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Hillsborough–northern judicial district

No. 2002-664


Submitted: September 11, 2003

Opinion Issued: October 2, 2003

Lisa Holmes, by brief, pro se.

Ralph F. Holmes, by brief, pro se.


DUGGAN, J. The petitioner, Lisa Holmes, appeals the ruling of the Superior Court (Lynn, J.) prohibiting Theodore Kamasinski from sitting at counsel table during the trial of her divorce from the respondent, Ralph F. Holmes. We affirm.

The petitioner filed for divorce in May 2000. In September 2001, Mr. Kamasinski, a lay person not licensed to practice law in this State, entered an appearance for the petitioner and filed a power of attorney in which the petitioner appointed him to act as her attorney in fact in this case. See RSA 311:1 (Supp. 2002). The respondent objected and the court held a hearing on the matter, at which Mr. Kamasinski moved to recuse Judge Lynn. Judge Lynn denied the motion to recuse and further disallowed Mr. Kamasinski from representing the petitioner at trial. Judge Lynn concluded that Mr. Kamasinski was engaged in the unauthorized practice of law and that his appearance in the case would violate RSA 311:7 (1995), which provides: "No person shall be permitted commonly to practice as an attorney in court unless he has been admitted by the court and taken the oath prescribed in RSA 311:6." We summarily affirmed both the court’s ruling on the motion to recuse and its ruling prohibiting Mr. Kamasinski from representing the petitioner. Because we did not accept the plaintiff’s challenges to these rulings for appellate review, we do not address the parties’ arguments regarding them.

The petitioner obtained trial counsel, who requested that Mr. Kamasinski be permitted to sit at counsel table during trial. The court denied the request:

THE COURT: Mr. Kamasinski is more than welcome to sit in this courtroom. It’s a public courtroom, it’s open to the public. . . . I have no objection if you desire – I’m not barring you from speaking with Mr. Kamasinski or him from speaking with you, as long as it doesn’t become disruptive. . . . [I]f from time to time you desire to ask Mr. Kamasinski a question, talk with him, he wants to make some remark to you, I’m not going to bar that.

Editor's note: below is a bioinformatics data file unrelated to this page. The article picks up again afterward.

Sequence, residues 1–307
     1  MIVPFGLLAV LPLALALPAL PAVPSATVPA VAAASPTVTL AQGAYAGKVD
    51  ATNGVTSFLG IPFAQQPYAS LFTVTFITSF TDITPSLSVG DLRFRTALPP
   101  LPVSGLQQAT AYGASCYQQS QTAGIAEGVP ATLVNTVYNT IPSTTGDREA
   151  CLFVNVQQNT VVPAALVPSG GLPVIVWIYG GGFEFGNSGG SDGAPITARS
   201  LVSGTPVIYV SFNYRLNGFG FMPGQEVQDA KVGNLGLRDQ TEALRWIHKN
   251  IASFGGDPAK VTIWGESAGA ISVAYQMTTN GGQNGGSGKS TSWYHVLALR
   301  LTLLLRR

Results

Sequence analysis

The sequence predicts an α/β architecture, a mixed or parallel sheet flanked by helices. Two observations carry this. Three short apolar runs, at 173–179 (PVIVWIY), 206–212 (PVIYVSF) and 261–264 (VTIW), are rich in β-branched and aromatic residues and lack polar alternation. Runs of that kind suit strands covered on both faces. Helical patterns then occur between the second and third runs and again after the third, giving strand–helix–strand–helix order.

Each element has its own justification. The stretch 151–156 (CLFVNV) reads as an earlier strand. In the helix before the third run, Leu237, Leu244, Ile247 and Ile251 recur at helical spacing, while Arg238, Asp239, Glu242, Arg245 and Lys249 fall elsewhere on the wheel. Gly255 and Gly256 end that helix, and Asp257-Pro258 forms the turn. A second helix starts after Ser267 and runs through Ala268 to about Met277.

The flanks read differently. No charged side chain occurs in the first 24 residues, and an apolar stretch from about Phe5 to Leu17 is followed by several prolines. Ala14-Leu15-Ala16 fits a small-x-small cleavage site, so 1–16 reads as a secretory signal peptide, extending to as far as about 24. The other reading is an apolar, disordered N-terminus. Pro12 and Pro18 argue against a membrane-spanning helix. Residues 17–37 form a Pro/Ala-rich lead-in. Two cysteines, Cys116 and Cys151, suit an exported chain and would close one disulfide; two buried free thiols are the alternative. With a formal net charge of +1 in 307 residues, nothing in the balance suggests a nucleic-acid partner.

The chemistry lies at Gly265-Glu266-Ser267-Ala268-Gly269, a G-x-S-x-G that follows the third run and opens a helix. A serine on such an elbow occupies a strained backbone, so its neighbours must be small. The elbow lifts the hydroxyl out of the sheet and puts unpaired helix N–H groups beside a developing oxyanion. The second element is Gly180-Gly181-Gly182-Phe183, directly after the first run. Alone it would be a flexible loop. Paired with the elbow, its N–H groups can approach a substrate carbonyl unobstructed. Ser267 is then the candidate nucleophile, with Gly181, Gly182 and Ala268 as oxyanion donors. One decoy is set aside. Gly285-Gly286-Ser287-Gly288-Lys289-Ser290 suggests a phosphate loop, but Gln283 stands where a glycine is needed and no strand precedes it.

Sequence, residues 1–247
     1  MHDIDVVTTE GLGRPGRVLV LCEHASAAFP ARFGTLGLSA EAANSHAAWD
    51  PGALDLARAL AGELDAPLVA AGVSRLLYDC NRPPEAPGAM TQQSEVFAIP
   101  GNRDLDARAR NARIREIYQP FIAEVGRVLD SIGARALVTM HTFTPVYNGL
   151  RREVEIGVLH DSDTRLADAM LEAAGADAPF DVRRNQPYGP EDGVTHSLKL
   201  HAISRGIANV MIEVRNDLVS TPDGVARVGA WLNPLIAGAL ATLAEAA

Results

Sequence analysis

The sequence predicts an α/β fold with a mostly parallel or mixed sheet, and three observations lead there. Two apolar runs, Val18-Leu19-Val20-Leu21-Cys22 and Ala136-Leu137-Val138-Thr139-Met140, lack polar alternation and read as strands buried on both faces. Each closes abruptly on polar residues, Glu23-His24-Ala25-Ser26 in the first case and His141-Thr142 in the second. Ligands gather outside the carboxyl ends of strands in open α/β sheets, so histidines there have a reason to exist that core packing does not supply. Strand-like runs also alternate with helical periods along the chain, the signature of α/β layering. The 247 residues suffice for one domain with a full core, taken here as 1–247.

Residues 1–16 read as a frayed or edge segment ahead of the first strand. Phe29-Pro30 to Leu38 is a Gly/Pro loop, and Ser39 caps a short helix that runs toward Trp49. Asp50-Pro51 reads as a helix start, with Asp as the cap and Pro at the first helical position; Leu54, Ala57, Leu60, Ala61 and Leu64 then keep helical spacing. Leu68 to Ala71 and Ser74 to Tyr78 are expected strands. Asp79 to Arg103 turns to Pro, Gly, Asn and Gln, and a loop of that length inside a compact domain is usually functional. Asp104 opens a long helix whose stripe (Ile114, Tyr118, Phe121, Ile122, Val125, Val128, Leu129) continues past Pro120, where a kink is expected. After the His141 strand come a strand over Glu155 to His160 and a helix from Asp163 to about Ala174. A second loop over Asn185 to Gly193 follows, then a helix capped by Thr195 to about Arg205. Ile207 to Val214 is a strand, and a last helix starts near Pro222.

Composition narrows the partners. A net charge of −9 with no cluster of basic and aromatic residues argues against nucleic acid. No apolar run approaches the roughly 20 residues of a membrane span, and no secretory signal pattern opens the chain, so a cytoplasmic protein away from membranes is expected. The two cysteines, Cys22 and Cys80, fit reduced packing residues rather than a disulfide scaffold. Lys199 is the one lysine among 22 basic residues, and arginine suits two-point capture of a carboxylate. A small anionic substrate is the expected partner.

. . . .

MR. WIBERG: Judge, let me just make sure it’s on the record, you’ve indicated that I could have any paralegal here at the table except Mr. Kamasinski?

THE COURT: That’s correct.

On appeal, the petitioner contends that the court’s decision not to allow Mr. Kamasinski to sit at counsel table was an unsustainable exercise of discretion. Cf. State v. Lambert, 147 N.H. 295, 296 (2001) (explaining unsustainable exercise of discretion standard). We disagree.

It is beyond dispute that the judiciary has the power to control its courtrooms. State v. LaFrance, 124 N.H. 171, 179 (1983). "The power of the judiciary to control its own proceedings, the conduct of participants, the actions of officers of the court and the environment of the court is a power absolutely necessary for a court to function effectively and do its job of administering justice." Id. at 179-80. We find no error in the court’s decision to prohibit Mr. Kamasinski from sitting at counsel table, particularly in light of its prior ruling that he was engaged in the unauthorized practice of law. We hold that the court could reasonably have concluded that to permit Mr. Kamasinski to sit at counsel table could have given the appearance of sanctioning the unauthorized practice of law. See Bilodeau v. Antal, 123 N.H. 39, 45 (1983).


NADEAU and DALIANIS, JJ., concurred.